Tourism in San Francisco could see a major shift in the numbers - here's why

Tourism in San Francisco could see a major shift in the numbers – here’s why

Tourism from Asia has finally started to return to San Francisco. In recent months, arrivals at San Francisco International Airport from most Asian countries are close to where they were before the COVID-19 pandemic, international air passenger traffic data shows. non-stop from the International Trade Administration (ITA).

The rise appears to be mainly due to the easing of travel restrictions in a number of countries.

South Korea began lifting travel restrictions in April, removing the quarantine requirement for fully vaccinated travelers and lifted all COVID travel restrictions from October 1. As a result, passenger numbers from South Korea more than doubled from September 2021 to September 2022, and just 14% below their September 2019 level.

In June, Taiwan reduced the isolation requirement from seven days to three, and in October lifted the requirement altogether. The number of passengers from Taiwan has increased from just over 2,000 in September 2021 to nearly 10,000 in September 2022.

Arrivals from India and Vietnam were actually higher in September than in 2019. Vietnam Airlines became a new carrier for SFO late last year and the first airline to connect Vietnam and the United States non-stop. Between November 2021 and June 2022, Vietnam Airlines flew 14,000 people from Vietnam to San Francisco.

SFO expects weekly return flights to Asia to increase from 108 today to 123 by December 2022 and marketing campaigns in Japan, Vietnam and Hong Kong to increase tourism in 2023 .

Tourism from China expected to increase next year

Before the pandemic, more visitors arrived from Asia to SFO than from any other region, with more than 1.2 million people arriving between January and September 2019, compared to around 900,000 from Europe during the same period. From January to September 2022, 623,000 visitors came from Europe, more than 200,000 more than from Asia.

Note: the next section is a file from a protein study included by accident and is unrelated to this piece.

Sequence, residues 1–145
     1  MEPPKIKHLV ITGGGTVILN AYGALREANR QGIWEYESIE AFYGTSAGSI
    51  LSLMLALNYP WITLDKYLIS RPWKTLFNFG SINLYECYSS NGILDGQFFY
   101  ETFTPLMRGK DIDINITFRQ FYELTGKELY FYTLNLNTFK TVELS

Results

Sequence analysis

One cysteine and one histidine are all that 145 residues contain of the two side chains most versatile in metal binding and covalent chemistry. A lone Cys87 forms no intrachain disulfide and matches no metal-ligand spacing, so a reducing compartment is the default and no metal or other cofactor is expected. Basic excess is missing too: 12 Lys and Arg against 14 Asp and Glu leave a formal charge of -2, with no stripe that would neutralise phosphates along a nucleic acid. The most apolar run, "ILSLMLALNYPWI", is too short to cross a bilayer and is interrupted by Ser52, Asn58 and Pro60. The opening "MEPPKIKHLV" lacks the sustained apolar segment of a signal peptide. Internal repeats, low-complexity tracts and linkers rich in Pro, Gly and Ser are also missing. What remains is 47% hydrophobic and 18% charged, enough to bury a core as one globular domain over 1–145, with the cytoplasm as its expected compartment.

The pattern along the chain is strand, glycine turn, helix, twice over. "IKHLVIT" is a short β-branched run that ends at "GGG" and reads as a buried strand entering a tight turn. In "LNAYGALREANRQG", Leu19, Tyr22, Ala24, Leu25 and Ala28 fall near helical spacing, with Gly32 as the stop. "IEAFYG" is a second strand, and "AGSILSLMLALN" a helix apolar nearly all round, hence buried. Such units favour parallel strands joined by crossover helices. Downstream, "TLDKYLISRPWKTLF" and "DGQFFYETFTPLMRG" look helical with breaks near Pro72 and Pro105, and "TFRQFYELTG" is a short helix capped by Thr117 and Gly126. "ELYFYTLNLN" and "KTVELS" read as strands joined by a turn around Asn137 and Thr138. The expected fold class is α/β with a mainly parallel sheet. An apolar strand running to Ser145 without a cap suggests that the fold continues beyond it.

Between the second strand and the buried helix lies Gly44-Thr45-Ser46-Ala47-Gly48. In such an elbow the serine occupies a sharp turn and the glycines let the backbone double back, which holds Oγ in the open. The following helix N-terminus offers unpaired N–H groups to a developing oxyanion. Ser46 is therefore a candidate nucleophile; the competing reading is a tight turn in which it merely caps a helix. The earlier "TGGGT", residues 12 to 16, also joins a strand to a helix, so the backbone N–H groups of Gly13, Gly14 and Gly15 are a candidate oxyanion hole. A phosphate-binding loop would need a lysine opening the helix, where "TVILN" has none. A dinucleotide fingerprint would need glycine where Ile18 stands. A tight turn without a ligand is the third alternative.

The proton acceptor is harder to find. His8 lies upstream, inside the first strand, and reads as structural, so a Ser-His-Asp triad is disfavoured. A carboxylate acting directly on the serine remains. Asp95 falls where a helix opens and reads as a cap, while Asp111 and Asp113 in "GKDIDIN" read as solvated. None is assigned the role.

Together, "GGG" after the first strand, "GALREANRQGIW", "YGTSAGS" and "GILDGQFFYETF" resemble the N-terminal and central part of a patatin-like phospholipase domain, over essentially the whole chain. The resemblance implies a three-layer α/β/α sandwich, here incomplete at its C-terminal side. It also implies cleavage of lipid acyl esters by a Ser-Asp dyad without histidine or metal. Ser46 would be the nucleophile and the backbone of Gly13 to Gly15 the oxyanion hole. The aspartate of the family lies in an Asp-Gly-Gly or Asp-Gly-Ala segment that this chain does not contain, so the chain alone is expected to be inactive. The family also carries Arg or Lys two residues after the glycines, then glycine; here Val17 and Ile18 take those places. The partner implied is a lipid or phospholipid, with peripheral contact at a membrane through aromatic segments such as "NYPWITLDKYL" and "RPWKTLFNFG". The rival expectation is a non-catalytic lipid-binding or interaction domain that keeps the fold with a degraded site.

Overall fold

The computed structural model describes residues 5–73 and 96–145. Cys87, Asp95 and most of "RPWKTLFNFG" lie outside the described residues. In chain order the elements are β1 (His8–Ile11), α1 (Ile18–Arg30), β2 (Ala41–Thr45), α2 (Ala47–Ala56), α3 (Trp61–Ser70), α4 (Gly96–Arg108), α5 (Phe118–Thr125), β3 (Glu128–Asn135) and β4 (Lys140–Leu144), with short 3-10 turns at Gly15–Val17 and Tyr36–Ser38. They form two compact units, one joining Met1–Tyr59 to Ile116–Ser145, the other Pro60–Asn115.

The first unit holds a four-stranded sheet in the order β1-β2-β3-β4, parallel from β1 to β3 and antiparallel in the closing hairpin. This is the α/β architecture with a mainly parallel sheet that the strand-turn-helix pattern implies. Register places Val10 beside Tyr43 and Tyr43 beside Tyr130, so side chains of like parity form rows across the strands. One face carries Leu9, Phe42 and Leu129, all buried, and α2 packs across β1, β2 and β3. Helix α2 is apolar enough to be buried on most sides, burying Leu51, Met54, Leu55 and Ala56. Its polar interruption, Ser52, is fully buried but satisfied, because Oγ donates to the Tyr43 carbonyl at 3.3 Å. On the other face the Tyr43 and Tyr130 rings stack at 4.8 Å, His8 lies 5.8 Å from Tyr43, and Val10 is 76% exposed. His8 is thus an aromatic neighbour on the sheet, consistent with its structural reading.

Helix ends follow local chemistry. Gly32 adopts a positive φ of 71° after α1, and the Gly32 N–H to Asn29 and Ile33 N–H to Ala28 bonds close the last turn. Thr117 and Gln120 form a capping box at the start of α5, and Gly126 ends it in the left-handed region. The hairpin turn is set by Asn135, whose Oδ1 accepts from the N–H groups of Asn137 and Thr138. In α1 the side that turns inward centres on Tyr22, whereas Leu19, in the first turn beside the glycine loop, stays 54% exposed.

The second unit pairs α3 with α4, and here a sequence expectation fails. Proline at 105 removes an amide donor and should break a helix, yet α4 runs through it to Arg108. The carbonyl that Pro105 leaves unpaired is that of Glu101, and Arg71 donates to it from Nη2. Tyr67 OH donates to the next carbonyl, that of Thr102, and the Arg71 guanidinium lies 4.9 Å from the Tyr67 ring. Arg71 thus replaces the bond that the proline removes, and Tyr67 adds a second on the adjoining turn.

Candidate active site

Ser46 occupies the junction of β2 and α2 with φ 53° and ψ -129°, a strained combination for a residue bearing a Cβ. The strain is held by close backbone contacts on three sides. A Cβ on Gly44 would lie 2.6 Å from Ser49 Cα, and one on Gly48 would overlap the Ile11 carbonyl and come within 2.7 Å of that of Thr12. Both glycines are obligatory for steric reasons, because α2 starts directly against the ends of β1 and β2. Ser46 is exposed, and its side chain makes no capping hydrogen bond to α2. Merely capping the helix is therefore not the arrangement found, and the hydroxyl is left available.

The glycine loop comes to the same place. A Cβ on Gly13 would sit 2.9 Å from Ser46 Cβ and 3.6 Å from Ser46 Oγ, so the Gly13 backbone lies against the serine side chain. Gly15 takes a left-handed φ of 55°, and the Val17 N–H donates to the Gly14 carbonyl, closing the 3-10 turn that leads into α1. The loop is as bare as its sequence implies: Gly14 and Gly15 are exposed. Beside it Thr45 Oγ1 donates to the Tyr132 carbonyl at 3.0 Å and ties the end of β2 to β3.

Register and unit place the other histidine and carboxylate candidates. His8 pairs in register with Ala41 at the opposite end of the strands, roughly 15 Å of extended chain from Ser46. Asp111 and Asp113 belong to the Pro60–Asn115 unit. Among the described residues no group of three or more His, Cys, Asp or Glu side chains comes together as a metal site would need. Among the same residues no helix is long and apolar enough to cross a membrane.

Prior to the COVID-19 pandemic, China was second only to Canada in the number of travelers arriving at SFO each year. Carriers such as Air China, China Southern and China Western each carry 110,000 to 130,000 passengers a year to SFO, according to air passenger statistics.

Currently, United Airlines is the only company in the United States authorized by China to fly to SFO from China.

A United spokesperson said the company restarted service to Shanghai with a stopover in Seoul, South Korea, in July 2020. Prior to March 2020, United operated flights to Shanghai, Beijing and Chengdu.

Richard Champley, an analyst at ITA, which publishes the air passenger statistics used for this story, told the Chronicle that their data only tracks nonstop flights from foreign airports to US airports. Accordingly, the number of passengers from Shanghai is counted as if they came from Seoul due to the stopover in Seoul. As of December 2020, ITA data shows that there are almost no passengers coming directly from China. Yet even counting layover flights, SFO receives a small fraction of the travelers from China that it received before the pandemic.

An SFO spokesperson told The Chronicle they expect to see the return of passenger service from all pre-pandemic Chinese carriers when China’s COVID-19 travel restrictions are eased and service increases , hopefully will happen next year.

Currently, China only allows travelers to leave the country for specific situations such as work or medical situations.

Implications for the economy

Tourism from China accounted for more than a tenth of the $10.3 billion spent in San Francisco in 2019 by international overnight visitors, according to San Francisco executive vice president and chief tourism officer Hubertus Funke. Travel.

San Francisco has a large Chinese-American population that attracts tourists visiting family members and business travelers coming to conventions or on individual business, according to Gregory Miller, vice president of lodging and research. on experiential leisure stocks for Truist Securities.

“They spend a lot of money on their visits. It’s not just hotels. They spend a lot of money on shopping, eating and visiting attractions. There are a lot of implications for the economy of the city and the economy of the Bay Area with the loss of Chinese travelers,” Miller said.

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